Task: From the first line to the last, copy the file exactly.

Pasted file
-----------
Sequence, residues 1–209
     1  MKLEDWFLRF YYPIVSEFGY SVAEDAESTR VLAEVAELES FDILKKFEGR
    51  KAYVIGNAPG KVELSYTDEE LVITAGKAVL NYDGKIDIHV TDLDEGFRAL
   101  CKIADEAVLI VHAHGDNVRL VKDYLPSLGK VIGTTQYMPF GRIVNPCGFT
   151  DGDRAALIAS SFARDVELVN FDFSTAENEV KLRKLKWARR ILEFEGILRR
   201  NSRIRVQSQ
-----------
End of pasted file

Sequence, residues 1–209
     1  MKLEDWFLRF YYPIVSEFGY SVAEDAESTR VLAEVAELES FDILKKFEGR
    51  KAYVIGNAPG KVELSYTDEE LVITAGKAVL NYDGKIDIHV TDLDEGFRAL
   101  CKIADEAVLI VHAHGDNVRL VKDYLPSLGK VIGTTQYMPF GRIVNPCGFT
   151  DGDRAALIAS SFARDVELVN FDFSTAENEV KLRKLKWARR ILEFEGILRR
   201  NSRIRVQSQ